South Dakota's 2014 U.S. Senate race has been called one of the biggest in the country and right now polling shows former Governor Mike Rounds holds a big lead.
But Rounds is preparing for other Republicans to challenge him in a June primary before he even gets to the general election. And Democrat Rick Weiland, who will likely run against Rounds in November, says he's going to give Rounds a run for his money.
"We've been running against big money and the special interests they represent and I think people are connecting with that message," Weiland said.
"It's a long way to go. It's a marathon and we're just not taking anything for granted," Rounds said.
Despite a Nielson Brothers Polling survey that shows Rounds has a two-to-one lead over Weiland, Rounds is anticipating a primary.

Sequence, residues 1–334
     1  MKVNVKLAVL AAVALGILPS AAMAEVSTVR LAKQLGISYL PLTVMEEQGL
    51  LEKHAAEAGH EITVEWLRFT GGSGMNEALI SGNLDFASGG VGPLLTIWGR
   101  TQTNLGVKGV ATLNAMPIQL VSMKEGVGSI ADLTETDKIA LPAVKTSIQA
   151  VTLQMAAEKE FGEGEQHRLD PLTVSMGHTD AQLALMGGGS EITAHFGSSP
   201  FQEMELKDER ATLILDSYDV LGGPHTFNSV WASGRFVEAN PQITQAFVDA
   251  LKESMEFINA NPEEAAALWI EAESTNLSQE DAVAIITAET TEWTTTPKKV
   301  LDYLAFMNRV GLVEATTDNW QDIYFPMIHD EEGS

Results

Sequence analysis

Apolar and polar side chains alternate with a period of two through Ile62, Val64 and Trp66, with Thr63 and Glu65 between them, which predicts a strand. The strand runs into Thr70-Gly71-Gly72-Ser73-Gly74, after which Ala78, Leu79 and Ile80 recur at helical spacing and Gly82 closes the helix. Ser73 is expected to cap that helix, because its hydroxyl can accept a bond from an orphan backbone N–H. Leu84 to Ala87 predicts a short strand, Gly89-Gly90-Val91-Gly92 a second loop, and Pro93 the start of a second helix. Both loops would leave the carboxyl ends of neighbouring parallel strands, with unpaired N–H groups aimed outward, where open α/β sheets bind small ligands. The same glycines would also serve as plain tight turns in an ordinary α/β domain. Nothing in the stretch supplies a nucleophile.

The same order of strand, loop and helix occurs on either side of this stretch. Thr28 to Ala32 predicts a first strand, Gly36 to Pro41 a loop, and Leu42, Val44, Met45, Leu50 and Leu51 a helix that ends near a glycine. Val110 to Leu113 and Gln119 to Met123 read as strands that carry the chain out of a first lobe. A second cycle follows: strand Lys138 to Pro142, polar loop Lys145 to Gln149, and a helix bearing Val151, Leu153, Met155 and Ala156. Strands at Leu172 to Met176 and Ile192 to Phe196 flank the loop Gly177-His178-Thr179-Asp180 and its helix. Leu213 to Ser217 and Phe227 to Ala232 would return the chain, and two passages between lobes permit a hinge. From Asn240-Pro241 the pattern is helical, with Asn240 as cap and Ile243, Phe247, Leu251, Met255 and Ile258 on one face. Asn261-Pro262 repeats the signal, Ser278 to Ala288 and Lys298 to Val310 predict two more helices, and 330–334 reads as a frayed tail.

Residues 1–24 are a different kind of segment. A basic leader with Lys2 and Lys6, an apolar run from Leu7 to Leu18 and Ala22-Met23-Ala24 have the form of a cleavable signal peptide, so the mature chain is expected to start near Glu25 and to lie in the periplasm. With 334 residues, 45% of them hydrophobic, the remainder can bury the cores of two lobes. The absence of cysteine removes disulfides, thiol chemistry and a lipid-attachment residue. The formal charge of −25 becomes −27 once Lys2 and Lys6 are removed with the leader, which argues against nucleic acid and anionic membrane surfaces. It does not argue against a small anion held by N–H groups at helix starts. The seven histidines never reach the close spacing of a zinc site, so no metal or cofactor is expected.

A possible challenger, Sioux Falls Doctor Annette Bosworth, says she's getting close to making a decision.
"The missing piece is the money. I mean Mike Rounds says outwardly $9 million," Bosworth said.
Bosworth has visited a dozen communities in the last few weeks to gauge interest in a run for the Republican nomination but says Rounds' fundraising goal of $9 million is one of the next hurdles in making up her mind.
"I don't want money to be what makes my decision but I'm not a fool. This is a game of politics and you have got to have support and the only way that translates to the larger audience is with George Washington," Bosworth said.
Weiland is also pointing to the multi-million dollar campaign Rounds plans to run as a reason why he is the better choice.
"So much of what has gone on in Washington has led to dysfunction, bad public policy and I really do believe it has a lot to do with how much big money influences public policy," Weiland said.
Rounds says while the money is coming in and the support is there so far, he's still working to campaign in communities across the state.
"We're felling good about the projection of the campaign right now but it's a long way until the end and we're just going to focus on the original game plan," Rounds said.
Bosworth says she plans to spend another week touring South Dakota before making any decision.
Both Rounds and Weiland say they hope to visit every community in the state.